Changes needed in the mining sector - Shabangu

Friday, September 28, 2012

Pretoria - As South Africa looked forward to the second century of modern mining, things would need to be done differently from the previous century, says Mineral Resources Minister Susan Shabangu.

Speaking at the launch of the Wits Mining Research Institute (WMRI) on Thursday, the minister said it was institutions such as the WMRI that would ensure this progress.

"...this initiative by Wits and others like it will be the difference between lip service and meaningful transformation and sustainable development in our industry," Shabangu added.

Central to achieving the vision of transformation and sustainable development, was a vibrant and dynamic research and development sector, and a culture of innovation and skills development.

It was not only higher levels of research and development, and skills development initiatives that were needed, but also greater integration, coordination and strategic direction of these efforts in order to support the nation's mineral development aims, the minister said.

With regards to transformation in the mining industry, Shabangu said part of the work of this new institution must be to ensure that historically disadvantaged South Africans were affirmed in the industry and empowered to play a meaningful role in its development.

The institute could also play a role in health and safety in the mining industry.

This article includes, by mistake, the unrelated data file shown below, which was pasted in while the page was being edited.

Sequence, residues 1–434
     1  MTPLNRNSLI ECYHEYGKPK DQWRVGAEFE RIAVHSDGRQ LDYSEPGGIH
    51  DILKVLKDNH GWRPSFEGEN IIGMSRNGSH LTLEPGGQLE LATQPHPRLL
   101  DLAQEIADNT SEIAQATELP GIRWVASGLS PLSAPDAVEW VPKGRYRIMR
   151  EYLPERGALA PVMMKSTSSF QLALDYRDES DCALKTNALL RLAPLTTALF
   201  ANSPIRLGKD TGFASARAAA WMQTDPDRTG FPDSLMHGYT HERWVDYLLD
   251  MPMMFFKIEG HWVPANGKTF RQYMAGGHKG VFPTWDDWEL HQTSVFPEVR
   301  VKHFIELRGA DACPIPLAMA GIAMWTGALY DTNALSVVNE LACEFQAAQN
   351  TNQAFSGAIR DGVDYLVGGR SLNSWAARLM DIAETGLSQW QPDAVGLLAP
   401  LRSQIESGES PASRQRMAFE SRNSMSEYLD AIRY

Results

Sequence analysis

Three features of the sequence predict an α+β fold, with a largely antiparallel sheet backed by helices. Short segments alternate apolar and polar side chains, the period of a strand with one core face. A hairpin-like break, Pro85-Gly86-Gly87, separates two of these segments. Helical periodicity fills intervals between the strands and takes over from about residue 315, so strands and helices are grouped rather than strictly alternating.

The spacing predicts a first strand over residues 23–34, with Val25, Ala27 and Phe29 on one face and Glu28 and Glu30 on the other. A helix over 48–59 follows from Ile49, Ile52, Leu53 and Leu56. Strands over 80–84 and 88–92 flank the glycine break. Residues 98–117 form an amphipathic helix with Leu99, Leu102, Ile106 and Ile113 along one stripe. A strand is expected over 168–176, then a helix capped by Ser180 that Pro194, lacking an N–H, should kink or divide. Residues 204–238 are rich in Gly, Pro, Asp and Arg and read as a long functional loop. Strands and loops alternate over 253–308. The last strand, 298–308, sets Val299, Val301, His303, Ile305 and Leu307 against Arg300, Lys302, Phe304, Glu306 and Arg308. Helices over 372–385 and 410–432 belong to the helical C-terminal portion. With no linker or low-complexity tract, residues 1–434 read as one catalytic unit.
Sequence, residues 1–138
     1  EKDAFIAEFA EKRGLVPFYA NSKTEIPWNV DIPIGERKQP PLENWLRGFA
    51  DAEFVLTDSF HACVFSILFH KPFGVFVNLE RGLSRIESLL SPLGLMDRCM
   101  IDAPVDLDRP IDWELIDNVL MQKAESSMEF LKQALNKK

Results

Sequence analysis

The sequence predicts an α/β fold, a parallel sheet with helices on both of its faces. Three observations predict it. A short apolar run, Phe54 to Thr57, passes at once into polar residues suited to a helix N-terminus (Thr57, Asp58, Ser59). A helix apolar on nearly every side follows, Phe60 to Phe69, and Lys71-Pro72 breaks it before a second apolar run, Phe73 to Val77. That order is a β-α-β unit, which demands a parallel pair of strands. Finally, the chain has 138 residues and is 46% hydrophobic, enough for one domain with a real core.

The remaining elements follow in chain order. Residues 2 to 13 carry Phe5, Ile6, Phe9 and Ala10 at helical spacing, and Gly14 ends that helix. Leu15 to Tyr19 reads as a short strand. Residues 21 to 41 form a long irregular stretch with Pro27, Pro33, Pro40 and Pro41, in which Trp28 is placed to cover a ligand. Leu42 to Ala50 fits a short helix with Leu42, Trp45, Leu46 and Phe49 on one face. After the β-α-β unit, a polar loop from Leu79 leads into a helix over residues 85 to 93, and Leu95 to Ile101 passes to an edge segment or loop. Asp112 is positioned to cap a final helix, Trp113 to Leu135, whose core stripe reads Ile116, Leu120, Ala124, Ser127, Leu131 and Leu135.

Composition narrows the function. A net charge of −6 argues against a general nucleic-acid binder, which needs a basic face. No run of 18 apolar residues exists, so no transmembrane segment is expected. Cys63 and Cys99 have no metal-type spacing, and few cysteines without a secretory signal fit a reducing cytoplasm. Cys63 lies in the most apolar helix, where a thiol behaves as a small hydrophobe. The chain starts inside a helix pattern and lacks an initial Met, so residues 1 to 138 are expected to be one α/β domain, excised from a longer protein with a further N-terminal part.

"It is my sincere hope that this Institute will engage with the Department of Mineral Resources (DMR) and stakeholders including the Mine Health and Safety Council on the R&D and innovation agenda in health and safety.

"Examples of programmes that would be bolstered by collaboration are the campaigns for development of personal protective equipment suitable for women in mining and the agreed establishment of a Centre of Excellence for mine health and safety," she added.

The minister noted that central to sustainable development of the mining sector was the issue of environmental impact management and rehabilitation.

She was hopeful that a mining research institute would become involved in research and innovation in these areas.

With regards to skills, Shabangu noted that technological advancements had brought about changes in the skills required of people in the industry and would continue to drive skills needs into the medium- to longer-term future.

As the sector continued to grow in this context, the demand for skills was expected to rise commensurately and more artisans, mining engineers, metallurgists, chemical engineers, geologists, electrical engineers, mechanical engineers, mine surveyors, and so on would be needed.

"This institution should play a major role in driving skills development in this regard. This will best be accomplished through the development of partnerships with institutions at the forefront of these efforts...

"This new institute should create a platform to support the DMR as the industry regulator in a wide variety of skills and research needs, such as the training of mining inspectors, and environmental officers etc," she said.

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